Have you received a demand letter from or been sued by Minden Pictures, Inc. based on an allegation of copyright infringement? If so, count yourself among the many who have become the target of this plaintiff, often represented by Global Rights Control before oftentimes being handed off to law firm Copycat Legal. Minden Pictures is one of the more aggressive copyright plaintiffs (also sometimes referred to as “trolls”) out there, so you do not want to ignore its letters and/or lawsuits.
If you have received a letter from or on behalf of Minden Pictures or you have been named as a defendant in one of the many proceedings involving Minden Pictures, then feel free to contact us about your particular issue. We keep all communications confidential, pride ourselves on quick and active responses, and do not charge for initial consultations.
As of writing this post, all the matters that we have had with Minden Pictures (and there have been many) settled prior to litigation, but that is certainly not true for all Minden Pictures matters. In fact, Minden Pictures is one of the most litigious copyright trolls out there, having brought more than 60 cases in federal court as of this post being published. The takeaway is that you should ignore Minden Pictures demands from Global Rights Control, Copycat Legal, and others at your own risk. Stated differently, don’t ignore Minden Pictures letters!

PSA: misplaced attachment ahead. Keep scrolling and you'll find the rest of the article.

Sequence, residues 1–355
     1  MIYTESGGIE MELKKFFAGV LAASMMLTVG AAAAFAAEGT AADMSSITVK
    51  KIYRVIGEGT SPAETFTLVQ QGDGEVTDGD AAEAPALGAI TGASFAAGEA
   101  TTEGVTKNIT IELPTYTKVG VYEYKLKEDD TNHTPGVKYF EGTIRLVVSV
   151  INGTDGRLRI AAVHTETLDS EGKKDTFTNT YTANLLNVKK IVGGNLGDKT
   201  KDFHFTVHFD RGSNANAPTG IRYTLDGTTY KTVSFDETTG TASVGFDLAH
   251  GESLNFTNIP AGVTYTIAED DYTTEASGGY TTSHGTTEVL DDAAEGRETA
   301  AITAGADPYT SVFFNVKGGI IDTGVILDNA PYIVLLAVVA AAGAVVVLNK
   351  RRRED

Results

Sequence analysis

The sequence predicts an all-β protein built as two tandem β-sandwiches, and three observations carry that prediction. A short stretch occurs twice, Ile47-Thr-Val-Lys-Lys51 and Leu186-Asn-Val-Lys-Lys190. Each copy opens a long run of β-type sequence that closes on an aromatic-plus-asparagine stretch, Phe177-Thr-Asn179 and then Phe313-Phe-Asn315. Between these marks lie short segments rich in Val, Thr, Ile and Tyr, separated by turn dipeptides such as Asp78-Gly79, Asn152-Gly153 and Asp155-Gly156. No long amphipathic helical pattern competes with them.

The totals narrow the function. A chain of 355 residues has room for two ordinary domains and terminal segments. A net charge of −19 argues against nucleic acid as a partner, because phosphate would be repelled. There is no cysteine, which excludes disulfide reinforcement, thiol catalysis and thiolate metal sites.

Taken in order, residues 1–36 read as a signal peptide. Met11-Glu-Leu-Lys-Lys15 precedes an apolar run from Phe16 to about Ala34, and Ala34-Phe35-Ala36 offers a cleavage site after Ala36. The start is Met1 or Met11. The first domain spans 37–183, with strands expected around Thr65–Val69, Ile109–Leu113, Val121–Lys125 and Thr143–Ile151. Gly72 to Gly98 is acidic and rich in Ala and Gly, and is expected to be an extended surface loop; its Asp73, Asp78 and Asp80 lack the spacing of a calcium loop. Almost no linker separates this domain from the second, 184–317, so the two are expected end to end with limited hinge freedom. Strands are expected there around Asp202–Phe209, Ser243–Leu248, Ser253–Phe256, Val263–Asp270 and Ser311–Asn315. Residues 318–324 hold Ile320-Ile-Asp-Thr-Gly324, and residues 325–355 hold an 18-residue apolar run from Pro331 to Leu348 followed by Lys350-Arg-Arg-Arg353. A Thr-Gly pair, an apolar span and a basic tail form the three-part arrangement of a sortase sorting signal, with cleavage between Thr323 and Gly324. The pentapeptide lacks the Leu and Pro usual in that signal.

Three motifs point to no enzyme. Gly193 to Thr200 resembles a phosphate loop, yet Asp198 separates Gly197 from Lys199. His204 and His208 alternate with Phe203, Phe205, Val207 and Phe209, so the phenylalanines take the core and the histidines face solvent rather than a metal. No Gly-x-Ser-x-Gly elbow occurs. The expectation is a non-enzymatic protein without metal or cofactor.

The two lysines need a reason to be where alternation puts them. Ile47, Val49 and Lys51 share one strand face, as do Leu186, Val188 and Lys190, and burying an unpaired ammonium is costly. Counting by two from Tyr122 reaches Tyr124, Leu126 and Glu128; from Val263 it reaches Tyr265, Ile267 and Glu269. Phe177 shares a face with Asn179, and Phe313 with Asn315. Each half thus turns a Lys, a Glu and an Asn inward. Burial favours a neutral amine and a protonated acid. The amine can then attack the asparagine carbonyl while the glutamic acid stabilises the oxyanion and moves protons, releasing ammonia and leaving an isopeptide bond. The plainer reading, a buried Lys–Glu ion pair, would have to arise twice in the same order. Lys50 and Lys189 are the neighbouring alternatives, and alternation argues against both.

Once a matter is put into suit, it becomes much more expensive to defend and your leverage to negotiate a reasonable settlement agreement dissipates. But not all hope is lost upon Minden Pictures initiating an action and a recent court decision (at least it was recent when this post was first published) serves as perfect proof of same.
On October 27, 2023, Federal Judge Ronnie Abrams, sitting in the U.S. District Court for the Southern District of New York, granted a defendant’s (Complex Media, Inc.) motion to dismiss the Complaint brought by Minden Pictures on the grounds that the claim was barred by the Copyright Act’s three-year statute of limitations.
The judge’s opinion is not just notable for the holding, but also for the dicta such as the finding that Minden Pictures is a frequent litigant that has filed more than 100 cases against purported copyright infringers. Yet, despite its troll-like behavior and super-aggressive activity, it allegedly took Minden Pictures 10 years from the defendant posting the photo for Minden Pictures to realize it and initiate the action.
Minden Pictures sought to rely on the “discovery rule” for the proposition that the three-year statute of limitations should only begin running on the date that it discovered the photograph on the defendant’s website as opposed to when the photograph was originally published by the defendant.
The Court took interest in the fact that Minden Pictures is a “seasoned litigator,” it uses sophisticated methods to detect infringing images and works diligently to detect online infringements of its works, and that it was not plausible that it, in exercising reasonable diligence, would not have discovered the alleged infringing use here until nearly 10 years after the infringement occurred.
A statute of limitations defense is but one defense that a seasoned defense litigator, like Heitner Legal, may bring up if retained to defend against a seasoned troll litigator like Minden Pictures. If you receive a demand or find yourself sued by them, then feel free to reach out to us for guidance.